By daylight the humble streets were awash with activity. Throughout this coastal town many faithful old fresh water hand pumps were already filling the buckets of the local households, as people traipsed to and fro from their wooden houses neatly laid out along the roadways. Everywhere people were tidying their ground space, and the sound of sweeping stick brooms could be heard as a backdrop to household chatter, while the first rays of the sun pierced the coolness of the dusty streets.
Already several fishermen were wading through the seawater off the soft sand beach near their simple wooden houses, loading nets and readying engines. A large grey-haired pig was being bathed in the shallows occasionally squealing with delight, as it stood somehow proud, and enjoying its early morning wash.
Behind the row of houses on the seashore the light brown earthen street was covered in a mass of green. The seaweed farmer's wife was busy laying out a fresh harvest to dry in the early morning sun. Close offshore the long lines of planted seaweed could be seen in the shallows beneath the turquoise waters of the sandy corralled bottom. Her little child stood by clutching a plastic feeder, occasionally chewing and suckling on her morning feed.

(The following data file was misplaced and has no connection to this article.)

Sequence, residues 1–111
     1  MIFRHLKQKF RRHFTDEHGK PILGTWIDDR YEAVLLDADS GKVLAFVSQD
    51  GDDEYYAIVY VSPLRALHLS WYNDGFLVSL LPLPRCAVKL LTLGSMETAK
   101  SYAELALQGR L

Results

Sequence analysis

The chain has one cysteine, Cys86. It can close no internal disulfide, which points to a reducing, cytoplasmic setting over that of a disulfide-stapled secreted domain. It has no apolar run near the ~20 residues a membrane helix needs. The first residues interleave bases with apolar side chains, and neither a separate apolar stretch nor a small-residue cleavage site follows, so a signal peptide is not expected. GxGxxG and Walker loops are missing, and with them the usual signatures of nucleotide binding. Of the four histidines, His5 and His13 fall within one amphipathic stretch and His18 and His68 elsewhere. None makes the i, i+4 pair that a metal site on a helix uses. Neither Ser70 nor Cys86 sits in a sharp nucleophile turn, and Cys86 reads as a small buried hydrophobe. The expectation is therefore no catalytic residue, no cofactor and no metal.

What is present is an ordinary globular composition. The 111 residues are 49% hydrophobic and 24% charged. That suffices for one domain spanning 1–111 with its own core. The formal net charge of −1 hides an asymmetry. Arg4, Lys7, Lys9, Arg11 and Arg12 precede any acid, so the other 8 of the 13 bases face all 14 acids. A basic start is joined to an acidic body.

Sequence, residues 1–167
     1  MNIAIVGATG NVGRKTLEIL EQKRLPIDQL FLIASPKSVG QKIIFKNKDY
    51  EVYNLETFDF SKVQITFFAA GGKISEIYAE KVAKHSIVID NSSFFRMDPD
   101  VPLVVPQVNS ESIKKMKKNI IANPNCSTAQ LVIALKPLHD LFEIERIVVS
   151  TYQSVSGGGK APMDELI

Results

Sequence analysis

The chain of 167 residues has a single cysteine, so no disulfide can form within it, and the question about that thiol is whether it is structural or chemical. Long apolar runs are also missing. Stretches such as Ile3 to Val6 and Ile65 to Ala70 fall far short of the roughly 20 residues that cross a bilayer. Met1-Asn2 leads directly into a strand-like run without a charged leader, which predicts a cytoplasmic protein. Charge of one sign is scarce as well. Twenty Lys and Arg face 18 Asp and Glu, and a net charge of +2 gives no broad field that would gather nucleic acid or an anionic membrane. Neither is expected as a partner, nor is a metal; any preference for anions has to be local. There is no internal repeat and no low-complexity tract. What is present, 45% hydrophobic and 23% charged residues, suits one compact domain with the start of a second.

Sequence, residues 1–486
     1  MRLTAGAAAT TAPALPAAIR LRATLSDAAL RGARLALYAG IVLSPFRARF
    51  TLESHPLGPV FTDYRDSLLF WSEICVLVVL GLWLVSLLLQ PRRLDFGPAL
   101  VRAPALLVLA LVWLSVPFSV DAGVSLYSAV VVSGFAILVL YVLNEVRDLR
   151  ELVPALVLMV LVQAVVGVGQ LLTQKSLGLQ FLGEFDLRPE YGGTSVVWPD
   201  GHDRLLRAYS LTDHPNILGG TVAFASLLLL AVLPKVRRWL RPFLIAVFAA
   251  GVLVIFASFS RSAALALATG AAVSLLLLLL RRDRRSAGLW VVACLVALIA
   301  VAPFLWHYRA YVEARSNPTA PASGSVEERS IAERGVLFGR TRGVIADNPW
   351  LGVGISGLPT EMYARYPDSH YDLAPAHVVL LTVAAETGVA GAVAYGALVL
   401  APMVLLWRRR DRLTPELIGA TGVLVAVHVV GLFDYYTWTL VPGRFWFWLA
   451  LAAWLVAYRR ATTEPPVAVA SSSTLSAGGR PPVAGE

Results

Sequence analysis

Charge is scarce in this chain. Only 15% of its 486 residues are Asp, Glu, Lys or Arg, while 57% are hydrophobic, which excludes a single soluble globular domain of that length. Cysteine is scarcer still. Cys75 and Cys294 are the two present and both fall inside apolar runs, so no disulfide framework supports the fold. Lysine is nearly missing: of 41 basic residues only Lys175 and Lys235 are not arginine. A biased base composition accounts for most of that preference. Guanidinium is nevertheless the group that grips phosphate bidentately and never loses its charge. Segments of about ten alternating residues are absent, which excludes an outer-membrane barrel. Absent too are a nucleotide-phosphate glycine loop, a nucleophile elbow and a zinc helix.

Monday was Fiesta day in Santa Monica, and the entire town was out for the occasion. The habal-habal motorcycles were out in force ferrying people big and small all around the compact streets of this little country town. The ice cream vendors were franticly ringing their little bells, and trade was brisk. Everyone was wearing their best smiles, and the colorful uniforms of all the parade children were everywhere to be seen as people dispersed after the finale of the Opening Parade near the Municipal buildings.
Time was marching on this sky-blue August morning, and the streets began to fill with the burble of another ritual. It was now Tuesday morning in General Luna and time for school. The home exodus had begun in earnest as the town folk's youngsters began their ritual stroll through their neighborhoods. The pace was leisurely on the path to another dawn of learning. On every street corner immaculate blue and white uniforms could be seen, as friends, and brothers and sisters ambled easily through the placid streets of their quaint hometown.